be viewed warily by allergists in the United States. This is probably due not only to perceived safety concerns but also to differences in systems for delivery of health care. In most areas of the United States, specialists in Allergy-Immunology are relatively nearby. Patients often state that they prefer a series of brief weekly treatment visits rather than taking 2 to 3 days off from their responsibilities to complete a rush VIT regimen. In many other countries, specialty care is often centralized such that patients may have to travel hundreds of miles for consultation and treatment. This would make weekly visits very inconvenient, so rush VIT would be the practical regimen of choice. In the US military, rush VIT is preferred because weekly treatment might delay or complicate the activities of the service member. In the nonrandomized study reported by Confino-Cohen et al, it would have been interesting to know the reasons for the patients’ choice of the rush or conventional regimen. After almost a century of using almost exclusively conventional regimens for inhalant allergen immunotherapy in the United States, rush regimens are widely considered to be suitable for research studies, but not for daily practice. Many hospitals are reluctant to approve admission for rush VIT because they view it as “experimental,” and “not ready for prime time.” The Practice Parameter on Stinging Insect Hypersensitivity states that rush VIT should not be viewed as experimental and can be safely used in routine clinical practice, but very few allergists recommend this treatment regimen. The study reported in this issue by Confino-Cohen et al should make us ask ourselves whether rush VIT should be accepted as routine in our practices? There is ample evidence supporting the safety of rush VIT. There were early reports in small numbers of patients, but Bernstein et al5 showed more than 20 years ago that rush VIT is at least as safe as conventional VIT, and could be used in routine outpatient clinical practice. Their regimen was the basis for the regimen subsequently used by the Israeli group of Goldberg and Confino-Cohen6 in several studies including the one in this issue. There have been numerous publications of rush VIT regimens, but the more articles that were published, the more muddy the waters became. This was due in part to the variety of different regimens reported and the inconsistent nomenclature used to describe these regimens. Ultra-rush regimens were reported but with less consistent safety. However, a careful review of more than a dozen published studies shows no consistent definition of “rush” and “ultra-rush” regimens. In fact, as pointed out by the authors in this issue, some “ultra-rush” regimens for VIT were no different from other “rush” regimens. And although some ultra-rush regimens are described as single-day regimens (eg, 210 minutes), they generally do not achieve the 100 mg dose until several days of treatment (or longer). There is clearly a need for standardized nomenclature for regimens of immunotherapy. One could define that conventional regimens achieve the


maintenance dose in months, semi-rush in weeks, rush in days, and ultra-rush in hours.7 Rush VIT has been reported to be safe not only in routine clinical practice but also in a number of potentially high-risk situations. Patients who cannot achieve the maintenance dose because of repeated systemic reactions can be safely and effectively treated with rush VIT, as can patients with mastocytosis.6,8 Rush VIT has also been shown to be useful in honeybee allergic patients as well as those with fire ant allergy.9,10 The report by Confino-Cohen et al is focused on the use of rush VIT in children. Are children different from adults with regard to VIT? The indication for VIT is the same at any age. The recommended maintenance dose of VIT has always been 100 mg for children and adults, but recent studies suggest that a 50 mg maintenance dose is as effective as 100 mg in children.11,12 The recommended duration of VIT is 3 to 5 years. In adults, 5 years has been reported to be superior to 3 years.13,14 There has been no comparative study in children, but the long-term outcome in children treated for a mean of 3.5 years was as good as in adults treated for 5 years.15 As noted by the authors in this issue, the regimen for induction of VIT has not been studied as extensively in children as in adults. Confino-Cohen et al provide good evidence for the safety and efficacy of rush VIT in children. The authors also showed that rush VIT was more efficient in achieving the maintenance dose. In fact, as previously demonstrated in adults, the children who had systemic reactions during conventional VIT had no difficulty reaching the maintenance dose when switched to the rush regimen. It is also noteworthy that VIT is clinically effective as soon as the maintenance dose is reached, even with rush VIT.9 Thus, evidence for the safety of rush VIT has been reported in routine clinical use and in high-risk patients, and now in children as well. If we have not yet been willing to believe in the safety of rush VIT for the average patient, might we be convinced now that it has been demonstrated in children and adults, in patients with repeated systemic reactions or mastocytosis, and in patients with honeybee or fire ant allergy? The report in this issue, along with accumulated evidence to date, suggests that if we would just try it, we might conclude that rush VIT is not just for special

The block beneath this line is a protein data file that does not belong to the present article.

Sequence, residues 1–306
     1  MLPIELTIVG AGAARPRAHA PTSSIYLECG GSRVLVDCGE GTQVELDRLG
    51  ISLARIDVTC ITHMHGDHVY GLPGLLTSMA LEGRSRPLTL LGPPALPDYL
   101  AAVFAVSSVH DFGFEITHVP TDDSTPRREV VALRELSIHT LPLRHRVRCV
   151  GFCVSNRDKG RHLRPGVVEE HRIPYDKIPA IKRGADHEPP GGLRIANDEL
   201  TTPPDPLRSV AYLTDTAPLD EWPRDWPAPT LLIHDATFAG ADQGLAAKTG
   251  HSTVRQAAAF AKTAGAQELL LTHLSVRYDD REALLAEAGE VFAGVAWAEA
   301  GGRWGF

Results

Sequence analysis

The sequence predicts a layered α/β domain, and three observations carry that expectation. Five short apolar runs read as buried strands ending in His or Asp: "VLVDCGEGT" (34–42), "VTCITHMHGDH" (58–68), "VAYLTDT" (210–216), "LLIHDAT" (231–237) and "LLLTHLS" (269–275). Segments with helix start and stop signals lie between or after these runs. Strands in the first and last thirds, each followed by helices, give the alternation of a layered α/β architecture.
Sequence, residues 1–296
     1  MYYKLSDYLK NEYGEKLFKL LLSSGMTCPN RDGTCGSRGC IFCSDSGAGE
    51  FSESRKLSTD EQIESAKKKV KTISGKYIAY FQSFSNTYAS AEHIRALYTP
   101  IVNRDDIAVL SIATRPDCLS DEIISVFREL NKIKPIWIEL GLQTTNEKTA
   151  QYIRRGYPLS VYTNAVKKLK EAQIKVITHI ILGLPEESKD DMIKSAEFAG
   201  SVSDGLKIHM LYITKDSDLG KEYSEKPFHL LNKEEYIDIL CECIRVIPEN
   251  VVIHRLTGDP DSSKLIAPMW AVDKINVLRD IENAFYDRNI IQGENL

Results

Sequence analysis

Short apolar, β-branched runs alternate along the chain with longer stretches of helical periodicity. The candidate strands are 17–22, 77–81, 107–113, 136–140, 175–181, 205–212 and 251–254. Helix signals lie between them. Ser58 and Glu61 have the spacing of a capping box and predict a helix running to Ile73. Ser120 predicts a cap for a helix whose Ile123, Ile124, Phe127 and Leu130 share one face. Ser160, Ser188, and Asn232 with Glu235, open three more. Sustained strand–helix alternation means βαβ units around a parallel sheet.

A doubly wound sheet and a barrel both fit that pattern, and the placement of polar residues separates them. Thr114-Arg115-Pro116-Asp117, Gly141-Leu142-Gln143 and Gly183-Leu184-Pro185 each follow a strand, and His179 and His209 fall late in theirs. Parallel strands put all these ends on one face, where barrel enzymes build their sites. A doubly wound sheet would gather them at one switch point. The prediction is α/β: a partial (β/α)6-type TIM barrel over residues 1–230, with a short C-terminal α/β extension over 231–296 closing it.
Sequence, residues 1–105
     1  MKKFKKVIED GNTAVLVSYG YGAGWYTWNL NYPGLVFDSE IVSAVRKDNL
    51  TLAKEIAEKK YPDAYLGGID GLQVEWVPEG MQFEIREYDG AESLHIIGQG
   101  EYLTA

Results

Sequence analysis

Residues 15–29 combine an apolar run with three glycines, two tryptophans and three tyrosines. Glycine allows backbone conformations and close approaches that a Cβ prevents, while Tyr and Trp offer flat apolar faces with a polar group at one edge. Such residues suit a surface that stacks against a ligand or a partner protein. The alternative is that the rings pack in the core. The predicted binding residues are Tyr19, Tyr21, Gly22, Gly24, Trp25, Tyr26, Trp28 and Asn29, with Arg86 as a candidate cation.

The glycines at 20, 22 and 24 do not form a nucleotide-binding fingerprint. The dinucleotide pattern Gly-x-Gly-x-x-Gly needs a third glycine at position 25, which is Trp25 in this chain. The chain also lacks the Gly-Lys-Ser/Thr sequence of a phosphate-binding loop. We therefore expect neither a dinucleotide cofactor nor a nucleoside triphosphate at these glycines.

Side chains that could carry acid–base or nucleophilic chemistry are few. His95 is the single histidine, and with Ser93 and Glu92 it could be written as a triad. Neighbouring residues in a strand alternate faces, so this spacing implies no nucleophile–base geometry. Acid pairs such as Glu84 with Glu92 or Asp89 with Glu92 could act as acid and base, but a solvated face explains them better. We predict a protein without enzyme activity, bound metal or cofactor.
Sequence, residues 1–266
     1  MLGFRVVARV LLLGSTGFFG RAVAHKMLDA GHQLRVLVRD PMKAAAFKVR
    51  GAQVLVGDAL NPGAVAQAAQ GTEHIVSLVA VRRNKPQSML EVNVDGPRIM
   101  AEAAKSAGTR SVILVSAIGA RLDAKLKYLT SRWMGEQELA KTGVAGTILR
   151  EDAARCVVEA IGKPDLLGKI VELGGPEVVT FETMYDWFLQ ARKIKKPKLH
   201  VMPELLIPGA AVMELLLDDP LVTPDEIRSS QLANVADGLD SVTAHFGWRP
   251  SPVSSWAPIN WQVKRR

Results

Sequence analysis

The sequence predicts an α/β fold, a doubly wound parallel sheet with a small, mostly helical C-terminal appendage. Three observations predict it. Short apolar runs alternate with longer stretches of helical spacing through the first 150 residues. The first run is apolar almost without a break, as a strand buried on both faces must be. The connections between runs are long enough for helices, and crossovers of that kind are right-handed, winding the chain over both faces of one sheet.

circumstances, but is indeed ready for prime time in our daily practice. REFERENCES 1. Cox L, Nelson H, Lockey R, Calabria C, Chacko T, Finegold I, et al. Allergen immunotherapy: a practice parameter third update. J Allergy Clin Immunol 2011;127:S1-55. 2. Confino-Cohen R, Rosman Y, Goldberg A. Rush venom immunotherapy in children. J Allergy Clin Immunol Pract 2017;5:799-803. 3. Hunt KJ, Valentine MD, Sobotka AK, Benton AW, Amodio FJ, Lichtenstein LM. A controlled trial of immunotherapy in insect hypersensitivity. N Engl J Med 1978;299:157-61. 4. Golden DB, Demain J, Freeman T, Graft D, Tankersley M, Tracy J, et al. Stinging insect hypersensitivity: a practice parameter update 2016. Ann Allergy Asthma Immunol 2017;118:28-54. 5. Bernstein JA, Kagan SL, Bernstein DI, Bernstein IL. Rapid venom immunotherapy is safe for routine use in the treatment of patients with Hymenoptera anaphylaxis. Ann Allergy 1994;73:423-8. 6. Goldberg A, Confino-Cohen R. Rush venom immunotherapy in patients experiencing recurrent systemic reactions to conventional venom immunotherapy. Ann Allergy 2003;91:405-10. 7. Brown SG, Wiese MD, van Eeden P, Stone SF, Chuter CL, Gunner J, et al. Ultrarush versus semirush initiation of insect venom immunotherapy: a randomized controlled trial. J Allergy Clin Immunol 2012;130:162-8. 8. Bonadonna P, Zanotti R, Caruso B, Castellani L, Perbellini O, Colarossi S, et al. Allergen specific immunotherapy is safe and effective in patients with systemic mastocytosis. J Allergy Clin Immunol 2008;121:256-7. 9. Goldberg A, Yogev A, Confino-Cohen R. Three days rush venom immunotherapy in bee allergy: safe, inexpensive, and instantaneoulsy effective. Int Arch Allergy Immunol 2011;156:90-8. 10. Tankersley MS, Walker RL, Butler WK, Hagan LL, Napoli DC, Freeman TM. Safety and efficacy of an imported fire ant rush immunotherapy protocol with and without prophylactic treatment. J Allergy Clin Immunol 2002;109:556-62. 11. Houliston L, Nolan R, Noble V, Pascoe E, Hobday J, Loh R, et al. Honeybee venom immunotherapy in children using a 50-mcg maintenance dose. J Allergy Clin Immunol 2011;127:98-9. 12. Konstantinou GN, Manoussakis E, Douladiris N, Hatziioannou A, Giavi S, Saxoni-Papageorgiou P, et al. A 5-year venom immunotherapy protocol with 50 mcg maintenance dose: safety and efficacy in school children. Pediatr Allergy Immunol 2011;22:393-7. 13. Keating MU, Kagey-Sobotka A, Hamilton RG, Yunginger JW. Clinical and immunologic follow-up of patients who stop venom immunotherapy. J Allergy Clin Immunol 1991;88:339-48. 14. Lerch E, Muller U. Long-term protection after stopping venom immunotherapy. J Allergy Clin Immunol 1998;101:606-12. 15. Golden DBK, Kagey-Sobotka A, Norman PS, Hamilton RG, Lichtenstein LM. Outcomes of allergy to insect stings in children with and without venom immunotherapy. N Engl J Med 2004;351:668-74.